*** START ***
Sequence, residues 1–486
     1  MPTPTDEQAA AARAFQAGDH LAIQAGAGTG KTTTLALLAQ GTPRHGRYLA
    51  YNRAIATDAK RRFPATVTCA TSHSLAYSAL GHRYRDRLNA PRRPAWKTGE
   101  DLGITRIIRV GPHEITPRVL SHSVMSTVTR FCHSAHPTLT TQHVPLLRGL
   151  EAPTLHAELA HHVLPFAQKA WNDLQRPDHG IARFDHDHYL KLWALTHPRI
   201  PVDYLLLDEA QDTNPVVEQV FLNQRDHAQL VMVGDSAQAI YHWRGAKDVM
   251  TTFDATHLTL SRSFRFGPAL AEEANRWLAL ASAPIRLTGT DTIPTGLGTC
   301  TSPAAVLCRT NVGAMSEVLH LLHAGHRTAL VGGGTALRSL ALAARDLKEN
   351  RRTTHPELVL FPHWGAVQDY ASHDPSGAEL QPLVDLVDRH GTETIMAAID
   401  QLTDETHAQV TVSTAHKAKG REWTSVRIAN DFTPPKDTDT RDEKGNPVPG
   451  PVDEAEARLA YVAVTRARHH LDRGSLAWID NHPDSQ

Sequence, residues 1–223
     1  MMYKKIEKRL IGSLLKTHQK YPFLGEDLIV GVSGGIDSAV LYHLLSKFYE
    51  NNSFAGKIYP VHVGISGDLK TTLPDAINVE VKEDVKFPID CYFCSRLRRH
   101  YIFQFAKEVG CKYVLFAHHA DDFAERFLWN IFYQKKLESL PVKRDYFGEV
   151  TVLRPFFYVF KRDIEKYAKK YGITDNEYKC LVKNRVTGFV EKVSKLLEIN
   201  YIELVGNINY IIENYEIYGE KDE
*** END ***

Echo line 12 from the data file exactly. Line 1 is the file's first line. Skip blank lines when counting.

Sequence, residues 1–223